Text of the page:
A recent Friday morning went from routine to worrisome when Oprah Winfrey's breakfast came with an side of sudden pain.
In the new issue of the media mogul's magazine, O, Winfrey opens up about the short-lived health scare that left her with a few lessons to last a lifetime.
"Standing at the stove, stirring scrambled eggs in a skillet, I turned to get a pinch of salt and noticed a bit of soreness in my neck," the 64-year-old explained. "The area under the left side of my chin felt tender. In the mirror, I could see it was swollen. By the time I finished making breakfast, the swelling had increased. It looked like a goiter that had come out of nowhere. "
So she did what so many people do when they're feeling ill — she turned to Dr. Google.
"I immediately Googled 'swollen lymph gland causes,'" she recalled, noting, "None of the results was good."
Which, in retrospect, led her to her first two lessons: Don't do a search for your symptoms — but if you do, don't panic!
Of course, at the time, she was terrified while she waited to see a doctor.
"For the next four hours, I thought the worst," Winfrey admitted. "Why would a neck suddenly swell? Maybe it wasn’t sudden. Maybe whatever it was had been growing for days, or longer, and I only now noticed."
And by the time the internist saw her, she added, "I was prepared for the doctor to say, ‘I’m so sorry, Ms. Winfrey, you have 'insert terrible disease.'"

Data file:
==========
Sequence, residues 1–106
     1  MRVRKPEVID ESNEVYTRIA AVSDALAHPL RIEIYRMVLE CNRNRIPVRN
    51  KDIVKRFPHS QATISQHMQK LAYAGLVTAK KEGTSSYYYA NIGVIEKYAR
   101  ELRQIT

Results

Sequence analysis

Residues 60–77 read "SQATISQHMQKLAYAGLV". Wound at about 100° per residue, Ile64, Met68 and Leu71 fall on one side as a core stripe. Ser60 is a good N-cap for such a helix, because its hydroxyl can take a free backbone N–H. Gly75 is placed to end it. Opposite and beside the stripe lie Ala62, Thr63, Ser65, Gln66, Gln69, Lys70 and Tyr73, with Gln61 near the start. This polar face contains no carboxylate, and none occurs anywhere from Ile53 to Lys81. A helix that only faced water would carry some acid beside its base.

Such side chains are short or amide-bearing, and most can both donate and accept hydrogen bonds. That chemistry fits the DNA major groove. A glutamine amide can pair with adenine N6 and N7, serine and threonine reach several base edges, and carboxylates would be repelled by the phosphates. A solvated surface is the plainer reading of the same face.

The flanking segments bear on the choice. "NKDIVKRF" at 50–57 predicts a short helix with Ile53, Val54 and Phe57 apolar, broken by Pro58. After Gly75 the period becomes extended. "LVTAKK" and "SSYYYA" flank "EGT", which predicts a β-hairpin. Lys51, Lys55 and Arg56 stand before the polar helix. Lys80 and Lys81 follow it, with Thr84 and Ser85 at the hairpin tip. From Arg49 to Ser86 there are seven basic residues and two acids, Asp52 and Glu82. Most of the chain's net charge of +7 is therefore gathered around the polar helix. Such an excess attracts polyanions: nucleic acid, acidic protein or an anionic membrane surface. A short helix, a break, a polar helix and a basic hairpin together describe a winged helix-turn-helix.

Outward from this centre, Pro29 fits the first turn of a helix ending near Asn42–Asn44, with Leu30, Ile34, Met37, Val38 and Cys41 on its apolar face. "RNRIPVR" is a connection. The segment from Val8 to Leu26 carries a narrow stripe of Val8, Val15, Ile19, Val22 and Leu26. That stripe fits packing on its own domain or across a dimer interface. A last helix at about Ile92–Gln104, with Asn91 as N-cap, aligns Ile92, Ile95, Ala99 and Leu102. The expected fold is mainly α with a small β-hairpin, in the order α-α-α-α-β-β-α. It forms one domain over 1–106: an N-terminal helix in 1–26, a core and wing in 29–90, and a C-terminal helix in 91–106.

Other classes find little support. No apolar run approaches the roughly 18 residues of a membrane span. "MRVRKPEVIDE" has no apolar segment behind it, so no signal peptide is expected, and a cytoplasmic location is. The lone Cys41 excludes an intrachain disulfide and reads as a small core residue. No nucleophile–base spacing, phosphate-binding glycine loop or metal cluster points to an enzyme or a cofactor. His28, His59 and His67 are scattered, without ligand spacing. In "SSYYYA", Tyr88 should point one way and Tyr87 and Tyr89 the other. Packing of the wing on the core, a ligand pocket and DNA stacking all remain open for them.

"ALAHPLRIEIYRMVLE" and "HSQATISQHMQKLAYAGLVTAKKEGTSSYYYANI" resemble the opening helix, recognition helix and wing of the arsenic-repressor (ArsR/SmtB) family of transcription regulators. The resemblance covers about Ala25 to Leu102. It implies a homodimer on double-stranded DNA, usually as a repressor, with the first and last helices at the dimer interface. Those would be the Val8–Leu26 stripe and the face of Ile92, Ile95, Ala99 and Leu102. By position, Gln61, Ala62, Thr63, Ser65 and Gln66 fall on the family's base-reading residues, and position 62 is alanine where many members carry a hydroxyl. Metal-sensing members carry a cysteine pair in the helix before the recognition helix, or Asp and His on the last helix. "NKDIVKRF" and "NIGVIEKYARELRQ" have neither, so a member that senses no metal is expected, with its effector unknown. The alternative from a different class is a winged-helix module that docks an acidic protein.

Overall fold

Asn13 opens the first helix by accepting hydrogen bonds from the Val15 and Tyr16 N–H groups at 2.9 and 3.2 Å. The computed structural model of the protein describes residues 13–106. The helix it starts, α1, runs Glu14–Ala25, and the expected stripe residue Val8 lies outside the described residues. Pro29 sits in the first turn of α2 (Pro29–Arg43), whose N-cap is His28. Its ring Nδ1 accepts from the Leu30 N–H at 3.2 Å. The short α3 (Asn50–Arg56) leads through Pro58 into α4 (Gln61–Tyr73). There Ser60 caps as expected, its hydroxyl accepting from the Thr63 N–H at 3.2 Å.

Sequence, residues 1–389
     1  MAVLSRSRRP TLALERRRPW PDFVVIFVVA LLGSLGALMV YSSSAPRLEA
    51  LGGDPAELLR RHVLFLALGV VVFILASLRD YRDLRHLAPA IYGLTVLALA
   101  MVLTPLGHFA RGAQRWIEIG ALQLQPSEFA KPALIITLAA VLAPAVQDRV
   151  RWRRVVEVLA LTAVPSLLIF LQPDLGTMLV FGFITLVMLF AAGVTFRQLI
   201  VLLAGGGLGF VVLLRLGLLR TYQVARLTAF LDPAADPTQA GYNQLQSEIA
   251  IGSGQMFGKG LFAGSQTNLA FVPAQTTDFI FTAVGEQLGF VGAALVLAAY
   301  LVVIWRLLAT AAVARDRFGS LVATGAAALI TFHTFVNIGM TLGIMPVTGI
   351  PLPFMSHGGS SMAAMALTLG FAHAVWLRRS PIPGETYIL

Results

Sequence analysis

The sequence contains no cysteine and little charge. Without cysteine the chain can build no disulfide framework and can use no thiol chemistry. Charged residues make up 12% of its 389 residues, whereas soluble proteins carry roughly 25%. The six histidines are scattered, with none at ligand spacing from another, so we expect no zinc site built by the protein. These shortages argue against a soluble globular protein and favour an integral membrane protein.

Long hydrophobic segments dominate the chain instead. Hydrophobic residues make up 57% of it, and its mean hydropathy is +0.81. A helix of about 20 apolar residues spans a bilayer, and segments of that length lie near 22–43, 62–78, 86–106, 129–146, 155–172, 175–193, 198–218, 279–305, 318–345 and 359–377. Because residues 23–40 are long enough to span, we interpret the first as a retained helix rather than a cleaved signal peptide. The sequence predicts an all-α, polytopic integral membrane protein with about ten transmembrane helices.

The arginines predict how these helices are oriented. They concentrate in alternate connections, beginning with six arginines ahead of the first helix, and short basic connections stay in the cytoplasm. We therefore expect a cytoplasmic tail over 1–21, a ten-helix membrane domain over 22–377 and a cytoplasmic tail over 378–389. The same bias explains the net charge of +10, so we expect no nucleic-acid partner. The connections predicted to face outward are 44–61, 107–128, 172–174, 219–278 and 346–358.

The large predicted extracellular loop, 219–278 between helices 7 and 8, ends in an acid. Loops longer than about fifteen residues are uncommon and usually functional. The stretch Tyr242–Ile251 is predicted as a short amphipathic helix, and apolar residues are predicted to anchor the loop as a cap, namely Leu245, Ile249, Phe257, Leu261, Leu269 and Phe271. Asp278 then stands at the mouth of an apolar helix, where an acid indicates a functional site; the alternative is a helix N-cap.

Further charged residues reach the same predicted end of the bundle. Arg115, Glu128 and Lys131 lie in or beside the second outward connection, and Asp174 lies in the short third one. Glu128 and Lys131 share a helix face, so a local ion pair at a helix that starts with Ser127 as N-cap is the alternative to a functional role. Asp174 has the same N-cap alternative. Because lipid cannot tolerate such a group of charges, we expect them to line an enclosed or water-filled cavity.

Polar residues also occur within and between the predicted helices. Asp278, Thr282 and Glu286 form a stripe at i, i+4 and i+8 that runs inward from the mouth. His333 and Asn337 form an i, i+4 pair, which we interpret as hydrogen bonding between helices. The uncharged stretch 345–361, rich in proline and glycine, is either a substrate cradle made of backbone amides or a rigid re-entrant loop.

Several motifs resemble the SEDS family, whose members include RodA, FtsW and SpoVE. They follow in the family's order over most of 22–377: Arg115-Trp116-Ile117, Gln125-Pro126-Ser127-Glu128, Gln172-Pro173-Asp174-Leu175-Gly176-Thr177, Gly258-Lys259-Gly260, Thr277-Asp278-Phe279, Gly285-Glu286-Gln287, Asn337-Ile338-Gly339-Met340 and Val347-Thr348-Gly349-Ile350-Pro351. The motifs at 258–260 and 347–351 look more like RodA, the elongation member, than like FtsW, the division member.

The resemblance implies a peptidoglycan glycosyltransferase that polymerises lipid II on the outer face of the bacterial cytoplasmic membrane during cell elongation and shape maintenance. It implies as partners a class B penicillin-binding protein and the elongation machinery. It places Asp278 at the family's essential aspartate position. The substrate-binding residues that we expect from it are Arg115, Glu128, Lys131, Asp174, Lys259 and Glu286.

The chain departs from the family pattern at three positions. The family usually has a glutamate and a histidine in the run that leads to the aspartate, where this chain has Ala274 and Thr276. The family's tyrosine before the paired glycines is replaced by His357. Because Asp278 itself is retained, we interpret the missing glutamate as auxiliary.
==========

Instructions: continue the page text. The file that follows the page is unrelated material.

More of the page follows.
But despite her Google results and her own growing fears, which she said drove her blood pressure up, that's not what happened.
"What she actually said was, 'I think your salivary glands are blocked. Go home, drink plenty of water, and try sucking on some lemons to stimulate your salivary ducts.'"
The solution was a simple one — so simple, that Winfrey didn't believe it. She said she was ready to "rearrange my life to deal with whatever this was."
However, a second opinion that same day confirmed the diagnosis and the treatment.
And soon — after a whole lot of lemons — she felt fine again.
Winfrey, who said she hasn't even had a cold since 2015, had never given any thought to her salivary gland before or how a minor issue with it could cause what seemed like major symptoms — or how an easy treatment could set everything right again.
That's when the last and most important lesson hit her: "Our bodies are amazing."
A "marvel," she thought.
"And too often we are not grateful for their perfect functioning, balancing bacteria and enzymes, managing blood flow, thrumming the sinus rhythm beat, beat, beat of our hearts day in, day out," she said, noting for the magazine's November issue that it's something to truly be thankful for.